B.S. degrees in engineering plunge to lowest number in 17 years
Engineering appears to be losing appeal among American students. The number of Bachelor of Science degrees in engineering in the U.S. has fallen to a 17-year low. That is shown in the latest college survey by the American Association of Engineering Societies (AAES) (Washington, DC). The survey covers data from 340 schools with engineering curricula and 284 schools with engineering technology programs in the U.S. Between 1986 and 1998, according to AAES, the number of students receiving engineering baccalaureates tumbled 19.8% to 63,262. Meanwhile, the number of students receiving B.S. degrees overall climbed by nearly 20%. Graduate awards also declined in 1998. Master's degrees dipped slightly from 1997 to 30,212. Engineering doctorate degrees fell for the first time since 1980. AAES Chairman Paul Torpey warns that the nation could find itself "without an adequate supply of engineers to provide the spark of Yankee ingenuity." Contact Matt Doster at (888) 400-2237.
Private investments leading comeback in R&D spending in 1999
Although federal spending on R&D is running below authorized levels, the private sector is more than making up for it. Total expenditures in R&D in the U.S. will rise to nearly $236 billion this year, experts from Battelle Laboratory (Columbus, OH, and Arlington, VA) forecast. The figure represents a growth of nearly 7% over the amount the National Science Foundation says the nation spent in 1998. Industry still dominates R&D expenditures in both the amount and the growth. Companies are expected to boost R&D outlays to $157 billion, up more than 9% from last year. Notable R&D gains are seen for electric components, pharmaceuticals and medicine, office computing, and communications equipment. The federal share of R&D spending, the study predicts, will total $68.1 billion, barely keeping pace with inflation. Barring a major economic downturn, the overall upsurge in R&D expenditures will continue well into the 21st century, maintains Jules J. Duga, co-author of the report. He explains: "A strong economy, a federal budget surplus, and a clear interest in breakthrough innovations for commercial products have fueled this cycle." Phone Duga at (614) 424-6512.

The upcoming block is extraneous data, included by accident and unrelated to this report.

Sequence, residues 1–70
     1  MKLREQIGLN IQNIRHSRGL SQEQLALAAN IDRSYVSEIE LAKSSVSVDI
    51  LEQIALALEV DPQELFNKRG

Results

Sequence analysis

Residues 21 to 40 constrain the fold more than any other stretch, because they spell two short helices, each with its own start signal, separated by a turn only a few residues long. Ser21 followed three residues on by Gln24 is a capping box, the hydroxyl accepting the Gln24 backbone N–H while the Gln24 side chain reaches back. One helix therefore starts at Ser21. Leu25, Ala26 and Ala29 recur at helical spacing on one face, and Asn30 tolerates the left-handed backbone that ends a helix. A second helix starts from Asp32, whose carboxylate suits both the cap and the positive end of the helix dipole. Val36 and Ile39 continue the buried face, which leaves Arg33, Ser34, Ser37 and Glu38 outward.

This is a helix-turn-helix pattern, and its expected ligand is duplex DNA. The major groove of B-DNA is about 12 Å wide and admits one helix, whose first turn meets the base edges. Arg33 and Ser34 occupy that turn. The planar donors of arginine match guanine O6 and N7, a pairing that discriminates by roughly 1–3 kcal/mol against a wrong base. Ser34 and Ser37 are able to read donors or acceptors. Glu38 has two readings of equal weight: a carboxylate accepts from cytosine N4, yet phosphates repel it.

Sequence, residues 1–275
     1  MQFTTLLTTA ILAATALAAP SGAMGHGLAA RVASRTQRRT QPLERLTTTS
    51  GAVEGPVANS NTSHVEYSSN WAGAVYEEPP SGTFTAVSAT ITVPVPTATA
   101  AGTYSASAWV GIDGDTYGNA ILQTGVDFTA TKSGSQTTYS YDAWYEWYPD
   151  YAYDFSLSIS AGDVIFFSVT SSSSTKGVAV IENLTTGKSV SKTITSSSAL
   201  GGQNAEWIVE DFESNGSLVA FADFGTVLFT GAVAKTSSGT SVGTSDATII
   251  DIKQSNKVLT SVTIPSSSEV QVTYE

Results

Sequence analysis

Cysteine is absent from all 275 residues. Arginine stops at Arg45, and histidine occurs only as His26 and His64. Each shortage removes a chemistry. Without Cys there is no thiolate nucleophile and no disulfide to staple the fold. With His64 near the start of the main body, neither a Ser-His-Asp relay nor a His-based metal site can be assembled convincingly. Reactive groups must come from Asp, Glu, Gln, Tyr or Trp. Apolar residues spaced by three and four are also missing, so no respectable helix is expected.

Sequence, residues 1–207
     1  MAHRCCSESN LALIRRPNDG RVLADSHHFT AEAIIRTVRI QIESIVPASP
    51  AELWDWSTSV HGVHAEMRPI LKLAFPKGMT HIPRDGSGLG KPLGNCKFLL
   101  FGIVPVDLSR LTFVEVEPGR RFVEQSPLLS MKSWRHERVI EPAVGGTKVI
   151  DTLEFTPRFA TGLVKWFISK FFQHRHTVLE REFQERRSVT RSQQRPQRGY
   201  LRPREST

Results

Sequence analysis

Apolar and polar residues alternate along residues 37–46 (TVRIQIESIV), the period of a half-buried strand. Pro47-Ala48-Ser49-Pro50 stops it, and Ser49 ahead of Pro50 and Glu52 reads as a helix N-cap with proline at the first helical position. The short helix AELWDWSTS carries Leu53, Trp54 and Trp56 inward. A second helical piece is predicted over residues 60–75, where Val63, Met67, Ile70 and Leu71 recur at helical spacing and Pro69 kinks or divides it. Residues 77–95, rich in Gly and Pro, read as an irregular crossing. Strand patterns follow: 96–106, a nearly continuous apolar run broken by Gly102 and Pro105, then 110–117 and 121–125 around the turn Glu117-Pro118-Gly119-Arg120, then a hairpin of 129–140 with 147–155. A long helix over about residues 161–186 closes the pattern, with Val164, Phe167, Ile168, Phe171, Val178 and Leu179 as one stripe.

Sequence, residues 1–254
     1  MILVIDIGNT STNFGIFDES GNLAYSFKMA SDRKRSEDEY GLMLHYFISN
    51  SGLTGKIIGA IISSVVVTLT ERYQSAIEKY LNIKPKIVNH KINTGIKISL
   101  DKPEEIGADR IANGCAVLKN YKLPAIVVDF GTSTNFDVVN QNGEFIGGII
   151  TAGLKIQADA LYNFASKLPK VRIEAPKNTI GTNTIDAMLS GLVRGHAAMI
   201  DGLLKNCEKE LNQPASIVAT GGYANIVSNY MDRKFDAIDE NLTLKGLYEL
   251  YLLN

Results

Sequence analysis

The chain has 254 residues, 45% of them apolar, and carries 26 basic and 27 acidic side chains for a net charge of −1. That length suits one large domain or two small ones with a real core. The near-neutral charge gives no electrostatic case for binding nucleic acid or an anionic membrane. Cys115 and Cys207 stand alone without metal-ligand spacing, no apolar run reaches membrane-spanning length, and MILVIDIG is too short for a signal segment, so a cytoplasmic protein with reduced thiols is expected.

Pentagon picks research priorities for advanced technologies
The military wants to apply the latest in computer graphics to the command and control operations of the Joint Task Force. That undertaking is the top project of the Defense Department this fiscal year under the Advanced Concept Technology Demonstration (ACTD) program. The Pentagon hopes to use techniques of multi- and hyper-spectral imagery processing to support such functions as targeting, sea-air rescue, and counter-drug operations. Ten other projects are underway in the $89.83 million ACTD program. One would integrate the Patriot and Aegis theater missile systems to extend air engagement zones. Another would test and improve personal sensors and field analyzers to detect chemical and possibly biological agents. Advanced, miniaturized sensors also will be examined for use in military satellites to warn of possible environmental dangers in space. Contact Jacques S. Gansler at (703) 697-5737.
Government adopting standards for safety of electric autos
The National Highway Traffic Safety Administration (NHTSA) is completing the creation of new federal standards exclusively for electric vehicles. As proposed, NHTSA's ruling will set requirements and test procedures for avoiding shock hazards, electrolyte spillage, and the ejection of batteries from their mounts in crashes. It is based on the Society of Automotive Engineers standard J1766 Feb. 96, titled "Recommended Practice for Electric and Hybrid Electric Vehicle Battery Systems Crash Integrity Testing." Test procedures are to include frontal barrier crashes, side-moving barrier crashes, and rollover and rear-moving crashes. Once NHTSA has issued its final rule, manufacturers are expected to have a year to comply. For more information, E-mail email@example.com.
NASA urged to consult industry for design changes to shuttle
NASA should seek more ideas from industry for potential design changes to the space shuttle. So concludes a study by the National Research Council. It further suggests that the space agency provide more incentives to contractors for proposing and funding shuttle modifications. NASA recently lifted a freeze on improving the design of its four operating space shuttles. It earmarked about $100 million each year for making minor alterations and studying large-scale changes that might be needed in the future. First priority is to go to modifications that improve safety and support missions to the space station. To buy copies of the council's study, "Upgrading the Space Shuttle," phone the National Academy Press at (800) 624-6242.